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Ten things That English People Do During a Football Championship

14/06/2012 18:11 | Updated 14 August 2012

The following is designed for use as a guide for any non-English people who are in England at the current time.


1. During an international football championship, English people (regardless of their place of birth) speak in a Thames estuary accent. They use this accent to sing songs, abuse the referee and make noises that have only a tangential relationship with words. If you witness a thatch-haired aristocrat from Dorset screaming "it's caaamin 'ome" you can be certain that there is a football championship in progress. Don't worry. He will revert back to his normal accent once the match is over, as if nothing had happened.

2. English people - in spite of years of irrefutable evidence to the contrary - believe that England is capable of winning football championships. (I am as baffled by this as you, foreigners.)

3. Be warned that English people, who normally find it weird and embarrassing to touch each other, will hurl their entire body at you if England score a goal. The embrace will be intense and it will go on for a long time, often accompanied by haphazard jumping and painful slaps. Please note that this uncharacteristic physical contact is not limited to hugs: the English will also bestow kisses, hair ruffling and unpleasant farts on you without a moment's hesitation.

4. On a similar note, the English, noteworthy for their extreme reluctance to betray their feelings, are dangerously volatile during a football championship and require a lot of emotional support. Take a look at the average Englishman's wedding photo. He looks reasonably jolly and - because it is a special occasion - he has done something he wouldn't normally do which is to look at his wife in a way that suggests he has minor feelings of regard toward her. Look, now, at a picture of the same man taken a few seconds after England has scored a goal. Tears of unbridled joy pour down his cheeks; his mouth is open as wide as it can be in an expression of pure ecstasy and his eyes say: I have never been, nor will ever be, this happy in my whole life. The world is so beautiful that I actually just wet myself and that's fine because I am in a transcendental state of joy.

5. English people, especially men, have a very unfortunate penchant for removing their tops during football championships. As you have probably noticed, this is a shame.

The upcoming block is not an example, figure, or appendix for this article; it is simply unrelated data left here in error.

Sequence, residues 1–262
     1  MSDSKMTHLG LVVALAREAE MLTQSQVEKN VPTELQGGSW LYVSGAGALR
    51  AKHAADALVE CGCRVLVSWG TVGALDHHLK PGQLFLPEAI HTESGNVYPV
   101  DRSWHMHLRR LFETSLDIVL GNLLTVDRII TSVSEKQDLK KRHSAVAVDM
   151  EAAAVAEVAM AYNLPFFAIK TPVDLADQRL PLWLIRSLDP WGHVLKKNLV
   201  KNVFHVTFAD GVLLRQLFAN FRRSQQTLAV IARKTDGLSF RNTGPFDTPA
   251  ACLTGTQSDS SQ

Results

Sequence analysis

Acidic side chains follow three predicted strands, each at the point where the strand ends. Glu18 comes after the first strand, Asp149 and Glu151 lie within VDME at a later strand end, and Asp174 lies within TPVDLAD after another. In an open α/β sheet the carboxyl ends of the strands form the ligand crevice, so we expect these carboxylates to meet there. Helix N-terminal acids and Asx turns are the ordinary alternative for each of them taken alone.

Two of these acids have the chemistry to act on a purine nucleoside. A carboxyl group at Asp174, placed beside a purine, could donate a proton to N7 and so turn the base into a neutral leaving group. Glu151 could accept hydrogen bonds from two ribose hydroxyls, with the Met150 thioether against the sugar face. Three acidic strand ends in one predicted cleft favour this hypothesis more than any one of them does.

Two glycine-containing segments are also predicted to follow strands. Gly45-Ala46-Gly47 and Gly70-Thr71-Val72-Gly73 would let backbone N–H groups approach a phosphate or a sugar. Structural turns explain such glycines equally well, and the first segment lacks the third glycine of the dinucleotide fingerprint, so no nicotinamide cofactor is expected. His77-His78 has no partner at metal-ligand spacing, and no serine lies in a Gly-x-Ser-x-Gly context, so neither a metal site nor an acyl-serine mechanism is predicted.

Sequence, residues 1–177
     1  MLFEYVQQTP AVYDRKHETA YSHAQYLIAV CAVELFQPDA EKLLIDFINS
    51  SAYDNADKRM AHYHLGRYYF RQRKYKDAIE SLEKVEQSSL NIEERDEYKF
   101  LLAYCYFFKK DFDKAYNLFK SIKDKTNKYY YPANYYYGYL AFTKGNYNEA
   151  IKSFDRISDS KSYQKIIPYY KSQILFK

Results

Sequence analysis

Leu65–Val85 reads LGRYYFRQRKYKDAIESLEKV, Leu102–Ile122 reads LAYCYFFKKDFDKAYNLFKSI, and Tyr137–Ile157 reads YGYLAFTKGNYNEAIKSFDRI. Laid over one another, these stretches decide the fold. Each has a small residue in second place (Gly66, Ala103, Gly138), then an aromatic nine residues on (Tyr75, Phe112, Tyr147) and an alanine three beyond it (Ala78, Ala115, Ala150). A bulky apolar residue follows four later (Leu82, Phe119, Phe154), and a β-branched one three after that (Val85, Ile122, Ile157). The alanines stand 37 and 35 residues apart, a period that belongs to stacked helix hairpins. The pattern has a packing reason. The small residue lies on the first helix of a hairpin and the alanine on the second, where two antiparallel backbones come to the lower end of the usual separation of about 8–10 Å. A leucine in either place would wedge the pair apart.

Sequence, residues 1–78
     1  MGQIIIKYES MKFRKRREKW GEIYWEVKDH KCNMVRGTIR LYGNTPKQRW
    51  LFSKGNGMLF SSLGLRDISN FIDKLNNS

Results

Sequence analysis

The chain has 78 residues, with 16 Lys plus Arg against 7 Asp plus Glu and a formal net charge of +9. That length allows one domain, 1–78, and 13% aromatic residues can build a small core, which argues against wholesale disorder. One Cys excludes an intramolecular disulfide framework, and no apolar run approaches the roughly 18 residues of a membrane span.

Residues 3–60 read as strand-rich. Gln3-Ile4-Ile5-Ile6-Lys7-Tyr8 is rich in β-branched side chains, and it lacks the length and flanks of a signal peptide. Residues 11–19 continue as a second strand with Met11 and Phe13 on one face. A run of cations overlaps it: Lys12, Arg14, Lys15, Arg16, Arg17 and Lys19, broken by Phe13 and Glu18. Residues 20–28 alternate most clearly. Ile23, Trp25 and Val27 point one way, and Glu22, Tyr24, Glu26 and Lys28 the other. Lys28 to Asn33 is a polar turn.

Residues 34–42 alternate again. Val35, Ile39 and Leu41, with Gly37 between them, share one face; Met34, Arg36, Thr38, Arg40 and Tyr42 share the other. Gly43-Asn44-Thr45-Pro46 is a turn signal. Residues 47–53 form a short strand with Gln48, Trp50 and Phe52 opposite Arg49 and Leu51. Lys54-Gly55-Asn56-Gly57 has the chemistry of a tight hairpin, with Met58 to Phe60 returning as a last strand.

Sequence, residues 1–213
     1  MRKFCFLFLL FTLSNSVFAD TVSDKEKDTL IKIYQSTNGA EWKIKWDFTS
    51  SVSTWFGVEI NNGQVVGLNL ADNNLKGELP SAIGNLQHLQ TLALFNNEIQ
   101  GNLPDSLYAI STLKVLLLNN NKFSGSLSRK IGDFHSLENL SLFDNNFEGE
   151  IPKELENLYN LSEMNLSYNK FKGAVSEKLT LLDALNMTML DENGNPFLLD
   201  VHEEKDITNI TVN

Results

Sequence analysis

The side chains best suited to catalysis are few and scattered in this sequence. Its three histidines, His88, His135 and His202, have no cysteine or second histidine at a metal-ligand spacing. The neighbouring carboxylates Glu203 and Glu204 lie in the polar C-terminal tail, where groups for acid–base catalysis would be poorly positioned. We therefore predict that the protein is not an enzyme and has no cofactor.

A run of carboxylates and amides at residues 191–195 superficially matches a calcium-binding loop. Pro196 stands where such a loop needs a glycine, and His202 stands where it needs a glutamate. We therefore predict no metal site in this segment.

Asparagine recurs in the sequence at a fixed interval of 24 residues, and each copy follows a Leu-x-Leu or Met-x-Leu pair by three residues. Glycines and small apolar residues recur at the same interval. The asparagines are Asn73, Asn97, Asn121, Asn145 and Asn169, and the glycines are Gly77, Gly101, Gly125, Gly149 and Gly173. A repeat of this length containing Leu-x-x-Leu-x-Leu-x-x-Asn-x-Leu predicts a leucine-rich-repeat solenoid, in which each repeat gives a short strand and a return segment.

6. Referring back to characteristic #1, The English only know one song during a football championship. If we are to be pedantic, we would say that the English know only one line of one song during a football championship. Were you to suggest a rousing chorus of 'Land of Hope and Glory' during a match, the English person would stare at you uncertainly and then, after a confused pause, start singing "it's caamin ome, it's caamin ome, it's caamin..."

7. During a football championship the English don't go to work very often.

8. The English cultivate a mood of outraged victimhood during a football championship. They are very fond of declaring the referee to be a c*nt when he points out that English players have fouled. They also make known that every member of the opposing team is a c*nt, and all of their supporters too. It's definitely their fault. And the morning after another inevitable defeat, angry headlines will declare that the England coach is a c*nt. The hand of God goal will be cited. The English are very clear that it is NOT THEIR FAULT.

9. The English like to defend their unbridled insanity during a championship by saying that football is very important and it's basically all about international relations and foreign policy, yeah? When pushed to clarify exactly what football means for international relations - say between Israel and Palestine - they are less clear. Should you push them further on this point you will probably be met with a mutinous glare and a loud chorus of 'it's caamin ome, it's caamin ome.."

10. The English are - to a man - completely unable to deal with penalty shoot-outs. If you walk into an English pub and you find grown men pacing up and down, clutching their heads - or perhaps balled up in a foetal position, whimpering and crying, it is likely that a penalty shoot out is taking place. The unfortunate fact of the matter is that England cannot win a penalty shoot out and, while most England fans have convinced themselves that England is capable of winning a championship (see point 2), not even the most die-hard among them can extend this lunacy to penalties. They know they're going down. "I cannot explain to you the depths of the horror and the awfulness we experience during penalties," an Englishman said to me today. "It is worse than death."

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